Mardi Gras: a moment of communal joy before a season of communal fasting.
Celebrations of Mardi Gras have gained attention in popular culture, but they seriously misrepresent the Catholic intent of the holiday. Mardi Gras – aka Fat Tuesday – is the day before Ash Wednesday, which marks the beginning of Lent. When you think of Mardi Gras, festivals and food come to mind. This is because Catholics are preparing for the self-sacrifice and repentance of the Lenten season. In Catholic countries, Mardi Gras offered an opportunity for households to use up the foods they would not enjoy again until Easter. (Like butter, eggs, lard, meat, milk, sugar, etc.) These would be turned into rich treats to share together. Mardi Gras was thus a moment of communal joy before a season of communal fasting.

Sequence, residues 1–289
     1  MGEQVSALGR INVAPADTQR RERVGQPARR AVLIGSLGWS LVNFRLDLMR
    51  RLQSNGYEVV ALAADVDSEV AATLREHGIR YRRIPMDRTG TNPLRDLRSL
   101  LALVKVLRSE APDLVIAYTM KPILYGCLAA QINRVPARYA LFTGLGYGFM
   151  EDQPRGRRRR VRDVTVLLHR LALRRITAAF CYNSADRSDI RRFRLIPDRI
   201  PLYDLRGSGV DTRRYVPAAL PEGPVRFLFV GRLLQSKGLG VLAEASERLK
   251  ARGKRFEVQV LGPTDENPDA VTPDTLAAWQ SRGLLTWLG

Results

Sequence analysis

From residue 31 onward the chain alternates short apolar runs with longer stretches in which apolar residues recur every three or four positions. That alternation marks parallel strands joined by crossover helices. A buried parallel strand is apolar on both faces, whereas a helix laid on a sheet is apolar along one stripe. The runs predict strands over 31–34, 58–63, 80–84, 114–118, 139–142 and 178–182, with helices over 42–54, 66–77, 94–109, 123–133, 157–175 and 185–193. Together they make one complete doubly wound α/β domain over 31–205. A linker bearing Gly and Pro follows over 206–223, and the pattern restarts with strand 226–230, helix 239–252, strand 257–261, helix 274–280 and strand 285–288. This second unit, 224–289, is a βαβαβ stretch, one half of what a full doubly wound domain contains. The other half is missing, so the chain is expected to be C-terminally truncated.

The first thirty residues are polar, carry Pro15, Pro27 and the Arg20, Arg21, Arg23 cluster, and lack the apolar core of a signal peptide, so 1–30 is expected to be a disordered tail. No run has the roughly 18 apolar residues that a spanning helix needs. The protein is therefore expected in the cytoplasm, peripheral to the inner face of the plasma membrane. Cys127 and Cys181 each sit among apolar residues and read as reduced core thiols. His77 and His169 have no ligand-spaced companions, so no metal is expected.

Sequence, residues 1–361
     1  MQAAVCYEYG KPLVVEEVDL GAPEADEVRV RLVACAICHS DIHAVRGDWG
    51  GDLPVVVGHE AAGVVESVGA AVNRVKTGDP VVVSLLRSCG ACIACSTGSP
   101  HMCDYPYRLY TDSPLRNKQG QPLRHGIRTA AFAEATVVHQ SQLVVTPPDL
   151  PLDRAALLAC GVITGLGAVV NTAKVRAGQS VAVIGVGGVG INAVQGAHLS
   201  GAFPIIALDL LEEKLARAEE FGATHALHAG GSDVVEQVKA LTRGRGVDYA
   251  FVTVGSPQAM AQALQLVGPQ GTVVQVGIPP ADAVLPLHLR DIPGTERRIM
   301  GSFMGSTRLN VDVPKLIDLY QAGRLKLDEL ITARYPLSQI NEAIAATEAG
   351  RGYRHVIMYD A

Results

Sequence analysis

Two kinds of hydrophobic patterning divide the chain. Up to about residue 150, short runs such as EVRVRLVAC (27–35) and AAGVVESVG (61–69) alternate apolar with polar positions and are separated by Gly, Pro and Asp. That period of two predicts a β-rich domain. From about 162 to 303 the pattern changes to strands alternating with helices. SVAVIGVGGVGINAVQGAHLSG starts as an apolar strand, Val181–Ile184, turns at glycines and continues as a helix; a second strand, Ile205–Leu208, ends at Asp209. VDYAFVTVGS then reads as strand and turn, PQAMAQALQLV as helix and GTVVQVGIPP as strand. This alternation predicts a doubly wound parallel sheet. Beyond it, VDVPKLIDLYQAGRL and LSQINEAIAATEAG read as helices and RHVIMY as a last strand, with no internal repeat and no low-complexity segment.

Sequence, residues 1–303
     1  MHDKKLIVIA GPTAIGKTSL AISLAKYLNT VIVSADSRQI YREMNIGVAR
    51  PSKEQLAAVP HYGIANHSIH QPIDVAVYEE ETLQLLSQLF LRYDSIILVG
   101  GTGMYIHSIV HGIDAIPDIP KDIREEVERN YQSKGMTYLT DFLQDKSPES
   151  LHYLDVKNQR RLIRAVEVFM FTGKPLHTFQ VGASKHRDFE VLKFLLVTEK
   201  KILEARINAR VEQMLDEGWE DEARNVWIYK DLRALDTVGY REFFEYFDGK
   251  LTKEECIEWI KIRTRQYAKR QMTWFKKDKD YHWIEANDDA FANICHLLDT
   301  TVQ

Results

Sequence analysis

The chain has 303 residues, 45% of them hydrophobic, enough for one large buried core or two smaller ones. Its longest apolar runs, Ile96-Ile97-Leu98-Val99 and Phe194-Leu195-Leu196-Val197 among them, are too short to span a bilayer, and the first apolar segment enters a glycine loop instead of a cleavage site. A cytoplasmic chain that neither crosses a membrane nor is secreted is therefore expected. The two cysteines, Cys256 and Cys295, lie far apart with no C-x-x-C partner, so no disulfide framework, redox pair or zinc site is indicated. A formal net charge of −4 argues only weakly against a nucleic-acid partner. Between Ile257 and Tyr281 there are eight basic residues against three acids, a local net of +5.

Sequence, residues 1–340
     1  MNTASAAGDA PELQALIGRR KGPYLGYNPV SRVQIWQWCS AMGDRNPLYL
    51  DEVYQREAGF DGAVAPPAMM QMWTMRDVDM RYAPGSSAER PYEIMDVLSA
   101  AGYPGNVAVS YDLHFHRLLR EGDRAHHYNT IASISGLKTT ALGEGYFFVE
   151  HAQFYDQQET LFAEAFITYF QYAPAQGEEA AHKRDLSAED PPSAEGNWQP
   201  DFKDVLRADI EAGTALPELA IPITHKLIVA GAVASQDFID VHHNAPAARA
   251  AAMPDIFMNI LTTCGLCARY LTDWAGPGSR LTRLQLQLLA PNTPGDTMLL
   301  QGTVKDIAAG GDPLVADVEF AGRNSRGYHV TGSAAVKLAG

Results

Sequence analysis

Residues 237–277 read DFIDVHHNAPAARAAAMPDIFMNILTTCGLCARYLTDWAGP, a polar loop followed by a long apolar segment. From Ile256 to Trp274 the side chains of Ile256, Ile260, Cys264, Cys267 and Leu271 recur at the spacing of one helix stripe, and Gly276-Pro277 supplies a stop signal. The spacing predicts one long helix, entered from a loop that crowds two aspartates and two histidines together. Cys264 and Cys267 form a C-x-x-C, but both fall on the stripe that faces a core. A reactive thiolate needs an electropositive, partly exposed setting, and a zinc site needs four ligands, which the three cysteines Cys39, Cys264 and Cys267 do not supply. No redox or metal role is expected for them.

Certain cities around the world like Venice, Rio de Janeiro, and New Orleans have become known for elaborate festivities leading up to Mardi Gras. (In fact, in Louisiana, Mardi Gras in an official state holiday.) These festivals are usually known as Carnival – meaning "Farewell to Meat" – a name that conveys the celebration’s religious character.
In summary, the original intent of Mardi Gras has always been to indulge, within the context of Catholic morality and reason. So, take this opportunity to enjoy good food and good company in preparation for our next Liturgical Season!